Let us grow in trust and love for our brothers and sisters in Christ. I would imagine it was very difficult for the ten to know how to deal with the one, even though it was Peter, when they found out he had denied the Lord three times. Just like it may be hard for you sometimes to love someone in the church who hurts you, or to trust the pastor or the elders when they don’t do or say what you think we should do or say. But remember, saints. We all fail. Each one of us. Good news! Christ never fails. We all fall. Good news! Christ still loves us when we do.
Cindy and I recently finished reading Megan Hill’s book, “The Place to Belong,” a book about the local church. Here’s an excerpt:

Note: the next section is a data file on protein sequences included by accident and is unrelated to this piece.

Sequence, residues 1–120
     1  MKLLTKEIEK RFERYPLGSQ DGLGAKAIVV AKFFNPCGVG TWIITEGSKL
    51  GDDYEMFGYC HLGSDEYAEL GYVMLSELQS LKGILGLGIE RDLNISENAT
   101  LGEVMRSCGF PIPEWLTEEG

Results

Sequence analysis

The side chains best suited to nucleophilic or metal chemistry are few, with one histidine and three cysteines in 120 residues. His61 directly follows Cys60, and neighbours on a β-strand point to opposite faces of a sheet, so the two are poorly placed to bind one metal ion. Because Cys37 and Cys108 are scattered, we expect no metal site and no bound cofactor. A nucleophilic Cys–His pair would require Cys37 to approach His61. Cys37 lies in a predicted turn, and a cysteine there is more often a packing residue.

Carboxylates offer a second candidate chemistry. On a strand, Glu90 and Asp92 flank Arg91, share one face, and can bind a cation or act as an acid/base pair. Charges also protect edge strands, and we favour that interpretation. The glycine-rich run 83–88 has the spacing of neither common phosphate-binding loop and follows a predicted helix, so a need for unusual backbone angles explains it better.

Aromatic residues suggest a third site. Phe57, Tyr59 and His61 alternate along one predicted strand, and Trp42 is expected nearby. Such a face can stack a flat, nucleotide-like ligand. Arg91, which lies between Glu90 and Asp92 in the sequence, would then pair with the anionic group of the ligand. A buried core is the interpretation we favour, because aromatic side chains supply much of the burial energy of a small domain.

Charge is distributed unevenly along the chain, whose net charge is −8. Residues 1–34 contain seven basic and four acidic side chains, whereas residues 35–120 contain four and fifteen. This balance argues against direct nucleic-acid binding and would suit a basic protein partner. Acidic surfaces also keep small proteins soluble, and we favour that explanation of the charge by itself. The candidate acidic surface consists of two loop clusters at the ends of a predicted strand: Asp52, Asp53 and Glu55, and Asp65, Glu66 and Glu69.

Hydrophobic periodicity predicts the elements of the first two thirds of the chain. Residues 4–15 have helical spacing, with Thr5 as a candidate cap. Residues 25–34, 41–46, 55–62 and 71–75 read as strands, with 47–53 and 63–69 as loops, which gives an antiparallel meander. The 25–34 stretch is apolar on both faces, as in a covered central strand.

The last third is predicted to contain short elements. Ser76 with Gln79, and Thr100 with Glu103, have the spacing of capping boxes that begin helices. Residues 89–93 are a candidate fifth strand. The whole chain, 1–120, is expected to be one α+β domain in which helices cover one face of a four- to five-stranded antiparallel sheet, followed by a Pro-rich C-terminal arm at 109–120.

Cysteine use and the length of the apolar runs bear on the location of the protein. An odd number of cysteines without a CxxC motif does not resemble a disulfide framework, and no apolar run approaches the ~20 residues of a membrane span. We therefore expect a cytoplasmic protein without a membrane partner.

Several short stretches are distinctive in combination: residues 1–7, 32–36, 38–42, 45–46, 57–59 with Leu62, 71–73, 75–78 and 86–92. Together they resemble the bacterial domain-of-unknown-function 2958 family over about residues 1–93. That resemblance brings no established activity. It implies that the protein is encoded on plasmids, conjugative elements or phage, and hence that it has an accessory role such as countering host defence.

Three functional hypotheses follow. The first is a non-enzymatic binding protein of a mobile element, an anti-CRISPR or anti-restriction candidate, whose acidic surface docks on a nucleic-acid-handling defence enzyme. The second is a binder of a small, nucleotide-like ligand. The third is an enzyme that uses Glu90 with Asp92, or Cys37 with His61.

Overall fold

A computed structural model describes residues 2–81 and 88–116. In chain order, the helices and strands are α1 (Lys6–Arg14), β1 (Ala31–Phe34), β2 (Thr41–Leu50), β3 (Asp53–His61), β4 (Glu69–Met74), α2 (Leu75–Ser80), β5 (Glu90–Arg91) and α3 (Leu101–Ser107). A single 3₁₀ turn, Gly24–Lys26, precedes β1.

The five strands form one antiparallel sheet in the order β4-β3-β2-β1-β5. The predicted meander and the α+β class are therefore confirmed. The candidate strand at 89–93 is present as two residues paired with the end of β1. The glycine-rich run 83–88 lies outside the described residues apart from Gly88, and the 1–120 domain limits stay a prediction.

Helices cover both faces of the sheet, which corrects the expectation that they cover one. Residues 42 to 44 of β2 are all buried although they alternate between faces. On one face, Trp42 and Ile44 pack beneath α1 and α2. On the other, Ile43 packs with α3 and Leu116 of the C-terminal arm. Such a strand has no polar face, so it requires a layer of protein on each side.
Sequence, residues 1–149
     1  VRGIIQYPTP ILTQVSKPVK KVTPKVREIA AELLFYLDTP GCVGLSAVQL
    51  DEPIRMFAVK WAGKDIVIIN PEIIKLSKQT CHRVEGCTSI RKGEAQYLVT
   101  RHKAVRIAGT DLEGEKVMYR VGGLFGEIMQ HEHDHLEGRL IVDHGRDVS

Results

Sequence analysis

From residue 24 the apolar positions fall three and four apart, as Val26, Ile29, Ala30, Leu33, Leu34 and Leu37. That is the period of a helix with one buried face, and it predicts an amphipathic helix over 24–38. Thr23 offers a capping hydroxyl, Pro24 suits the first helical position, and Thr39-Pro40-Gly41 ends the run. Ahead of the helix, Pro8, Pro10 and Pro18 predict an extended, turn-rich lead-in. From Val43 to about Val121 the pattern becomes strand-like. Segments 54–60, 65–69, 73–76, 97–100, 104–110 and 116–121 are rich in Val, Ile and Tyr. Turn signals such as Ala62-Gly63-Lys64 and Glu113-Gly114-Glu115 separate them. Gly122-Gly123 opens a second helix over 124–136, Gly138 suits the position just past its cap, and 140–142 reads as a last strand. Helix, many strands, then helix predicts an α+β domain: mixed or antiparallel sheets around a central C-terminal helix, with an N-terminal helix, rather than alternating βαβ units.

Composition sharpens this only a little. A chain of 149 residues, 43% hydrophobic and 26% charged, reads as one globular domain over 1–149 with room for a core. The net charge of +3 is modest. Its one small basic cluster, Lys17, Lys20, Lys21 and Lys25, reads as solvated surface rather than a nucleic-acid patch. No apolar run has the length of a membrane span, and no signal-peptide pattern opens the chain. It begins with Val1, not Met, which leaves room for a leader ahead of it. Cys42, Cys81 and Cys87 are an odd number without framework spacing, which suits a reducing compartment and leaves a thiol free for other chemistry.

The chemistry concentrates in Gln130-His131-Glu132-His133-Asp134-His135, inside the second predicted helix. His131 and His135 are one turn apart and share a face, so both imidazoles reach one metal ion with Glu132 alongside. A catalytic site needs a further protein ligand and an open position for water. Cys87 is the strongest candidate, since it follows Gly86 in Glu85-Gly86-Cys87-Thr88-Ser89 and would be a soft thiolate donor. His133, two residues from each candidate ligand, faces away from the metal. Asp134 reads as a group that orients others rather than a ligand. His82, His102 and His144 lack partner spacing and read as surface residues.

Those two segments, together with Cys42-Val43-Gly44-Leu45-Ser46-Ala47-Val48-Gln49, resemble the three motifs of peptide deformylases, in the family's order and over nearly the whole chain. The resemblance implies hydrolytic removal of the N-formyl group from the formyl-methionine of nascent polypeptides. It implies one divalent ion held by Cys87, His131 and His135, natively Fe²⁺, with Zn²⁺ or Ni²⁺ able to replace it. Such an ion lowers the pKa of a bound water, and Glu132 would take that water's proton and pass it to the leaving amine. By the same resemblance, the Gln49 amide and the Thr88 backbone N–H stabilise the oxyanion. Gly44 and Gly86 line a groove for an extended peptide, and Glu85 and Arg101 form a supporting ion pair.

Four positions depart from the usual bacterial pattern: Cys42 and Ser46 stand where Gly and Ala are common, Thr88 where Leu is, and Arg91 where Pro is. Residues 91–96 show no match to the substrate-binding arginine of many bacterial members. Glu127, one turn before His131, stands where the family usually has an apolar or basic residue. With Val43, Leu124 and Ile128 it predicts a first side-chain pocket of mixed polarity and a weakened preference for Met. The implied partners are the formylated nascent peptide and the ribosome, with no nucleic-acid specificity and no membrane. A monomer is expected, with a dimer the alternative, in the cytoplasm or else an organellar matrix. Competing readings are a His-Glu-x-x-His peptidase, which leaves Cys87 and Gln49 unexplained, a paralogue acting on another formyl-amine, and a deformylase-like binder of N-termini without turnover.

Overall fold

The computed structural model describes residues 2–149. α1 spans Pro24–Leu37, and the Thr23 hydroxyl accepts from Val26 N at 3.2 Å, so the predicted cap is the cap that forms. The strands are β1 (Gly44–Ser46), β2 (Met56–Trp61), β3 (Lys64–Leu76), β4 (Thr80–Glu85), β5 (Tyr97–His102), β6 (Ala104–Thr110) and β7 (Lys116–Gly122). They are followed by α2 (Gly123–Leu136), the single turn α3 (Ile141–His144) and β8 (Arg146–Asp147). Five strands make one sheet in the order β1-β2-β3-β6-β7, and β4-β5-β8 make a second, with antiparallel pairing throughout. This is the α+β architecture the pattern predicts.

“Dear member of Christ’s church, soon you will hear the voice of Christ calling you, “Come up.” (Rev. 4:11). Come up to the heavenly Jerusalem. Come up to the city with foundations. Come up to the very throne of God and the near presence of Christ. Come up to the assembly of the redeemed. Come, join the multitude. This vision of the church’s sure and certain future ought to encourage our hearts. Soon, the ordinary congregation to which we belong (yes, Antioch!) will be glorified, and it is right for us to eagerly anticipate that day. But, in that day, your church will be no more precious to Christ than it is today. The church in eternity will appear more lovely, but it will not be more loved. And as we commit ourselves even now to the local church, we testify to this reality. Because Christ delights in his church, we delight in it. Because Christ calls it his own, we call it our own. Because Christ loves the church, we love it too. Week after week, we give ourselves for the good of the people whom God loves. And in eternity we will not be disappointed. Come. This is where you belong.”